The Nestlé Toll House cookie dough products, in pic, were in the refrigerator case yesterday, June 25, at your intrepid blogger's local market. Yep, that's South Carolina Gov. Mark Sanford weeping on the front page of the day's paper...just to give historic context. Nestlé's cookie dough products were "voluntarily recalled" on June 19, due to contamination with E coli, a pathogen that can cause kidney failure and death. To date, illnesses have been tracked in 28 states.
Are these Nestlé products included in the recall? FDA thinks so. They even have a picture of the product on their website, as a handy-dandy reference for those who can't read. Did the store employees who were potentially harboring deadly pathogens in the cookie dough know anything about the recall? No. This is one of the many the problem with voluntary recalls. They simply don't work. Here's FDA's disclaimer, lest you might want to sue them because you get ill from a "recalled" product:
FDA posts press releases and other notices of recalls and market withdrawals from the firms involved as a service to consumers, the media, and other interested parties. FDA does not endorse either the product or the company.
Harrowing: A RECALL IS A PRESS RELEASE. Nothing more. FDA might as well have said "Nestlé cookies are tasty" for all the good this "recall" is doing. Jane Zhang in Wall Street Journal takes a hard look at how Nestlé has been able to run circles around FDA:
The Nestlé USA plant at the center of a federal probe into an E. coli outbreak involving cookie dough refused to give inspectors access to pest-control records, environmental-testing programs and other information, according to newly released inspection reports covering the past five years.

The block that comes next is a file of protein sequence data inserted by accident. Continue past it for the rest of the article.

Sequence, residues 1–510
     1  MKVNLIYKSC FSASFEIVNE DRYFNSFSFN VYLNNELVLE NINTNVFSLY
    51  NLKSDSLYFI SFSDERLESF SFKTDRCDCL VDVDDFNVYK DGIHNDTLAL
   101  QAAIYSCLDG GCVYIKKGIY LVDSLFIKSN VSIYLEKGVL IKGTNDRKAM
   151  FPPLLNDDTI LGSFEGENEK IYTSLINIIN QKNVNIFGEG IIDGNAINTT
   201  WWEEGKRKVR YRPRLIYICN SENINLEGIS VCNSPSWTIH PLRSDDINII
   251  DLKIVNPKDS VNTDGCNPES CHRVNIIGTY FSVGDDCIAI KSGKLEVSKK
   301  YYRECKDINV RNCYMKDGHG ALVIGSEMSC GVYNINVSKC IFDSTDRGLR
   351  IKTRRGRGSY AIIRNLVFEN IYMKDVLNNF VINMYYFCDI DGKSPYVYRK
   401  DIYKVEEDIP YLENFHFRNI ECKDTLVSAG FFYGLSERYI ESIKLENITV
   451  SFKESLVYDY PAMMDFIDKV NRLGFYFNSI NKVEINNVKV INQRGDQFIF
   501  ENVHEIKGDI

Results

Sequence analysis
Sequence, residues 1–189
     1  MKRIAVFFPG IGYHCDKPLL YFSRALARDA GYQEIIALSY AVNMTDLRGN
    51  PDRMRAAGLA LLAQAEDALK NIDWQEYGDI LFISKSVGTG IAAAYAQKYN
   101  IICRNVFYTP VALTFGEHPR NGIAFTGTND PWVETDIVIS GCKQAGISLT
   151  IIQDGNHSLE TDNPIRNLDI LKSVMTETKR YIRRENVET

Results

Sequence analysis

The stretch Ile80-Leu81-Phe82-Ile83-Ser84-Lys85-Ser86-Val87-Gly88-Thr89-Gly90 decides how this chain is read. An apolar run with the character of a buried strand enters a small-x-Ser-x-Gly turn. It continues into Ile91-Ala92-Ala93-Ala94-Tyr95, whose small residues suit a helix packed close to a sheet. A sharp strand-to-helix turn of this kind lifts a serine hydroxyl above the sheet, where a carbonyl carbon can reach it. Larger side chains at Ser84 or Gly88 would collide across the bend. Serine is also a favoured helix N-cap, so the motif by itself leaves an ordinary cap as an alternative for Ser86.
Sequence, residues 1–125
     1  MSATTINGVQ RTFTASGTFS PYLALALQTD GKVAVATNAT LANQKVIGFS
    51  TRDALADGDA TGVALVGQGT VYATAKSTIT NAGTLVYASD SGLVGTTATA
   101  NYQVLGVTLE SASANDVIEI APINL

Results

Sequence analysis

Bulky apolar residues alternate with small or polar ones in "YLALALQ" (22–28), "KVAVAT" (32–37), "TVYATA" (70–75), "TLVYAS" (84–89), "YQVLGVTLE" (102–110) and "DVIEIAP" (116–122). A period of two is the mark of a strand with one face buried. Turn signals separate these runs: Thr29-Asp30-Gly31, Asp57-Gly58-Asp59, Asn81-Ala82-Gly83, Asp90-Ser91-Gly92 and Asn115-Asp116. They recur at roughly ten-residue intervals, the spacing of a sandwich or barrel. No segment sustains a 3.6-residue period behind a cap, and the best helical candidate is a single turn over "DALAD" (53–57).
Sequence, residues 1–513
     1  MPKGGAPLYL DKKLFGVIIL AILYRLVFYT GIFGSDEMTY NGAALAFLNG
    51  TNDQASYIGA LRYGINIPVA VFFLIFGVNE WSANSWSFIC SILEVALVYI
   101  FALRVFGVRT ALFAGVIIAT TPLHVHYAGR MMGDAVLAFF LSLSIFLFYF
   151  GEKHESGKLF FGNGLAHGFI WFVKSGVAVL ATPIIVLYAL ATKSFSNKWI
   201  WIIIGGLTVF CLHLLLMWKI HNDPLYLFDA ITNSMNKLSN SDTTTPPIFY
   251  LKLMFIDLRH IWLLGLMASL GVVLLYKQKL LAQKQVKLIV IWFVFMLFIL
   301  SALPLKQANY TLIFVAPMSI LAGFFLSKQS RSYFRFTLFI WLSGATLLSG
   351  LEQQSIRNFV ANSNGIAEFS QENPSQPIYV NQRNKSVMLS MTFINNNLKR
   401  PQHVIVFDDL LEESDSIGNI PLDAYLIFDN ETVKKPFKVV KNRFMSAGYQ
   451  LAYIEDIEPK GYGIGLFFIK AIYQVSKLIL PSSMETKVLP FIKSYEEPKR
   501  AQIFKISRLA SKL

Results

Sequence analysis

In a September 2006 visit, for example, managers at the Danville, Va., plant refused to allow a Food and Drug Administration inspector to review consumer complaints or inspect its program designed to prevent food contamination. The inspector found dirty equipment and "three live ant-like insects" on a ledge but nothing severe enough to give the plant a failing grade. Companies aren't required to show those records to FDA inspectors and Nestlé's practice isn't out of line with the rest of the food industry, FDA and industry officials said.
Obviously this speaks to the grave need for legislative reform to actually get enacted, as well as for the need for criminal and civil penalties for food poisoners...Meantime, Seattle attorney Bill Marler is already suing the heck out of Nestlé, and he's representing clients who are in hospitals on life-support machines. And Mr. Marler could be as vigilantly monitoring our meat supply, if only Secretary Vilsack would appoint him to lead USDA's Food Safety and Inspection Service.
*Related: Read Food Safety is Getting a "D" For Dangerous in the Obama Era, here. Pix by Ob Fo, with IPhone.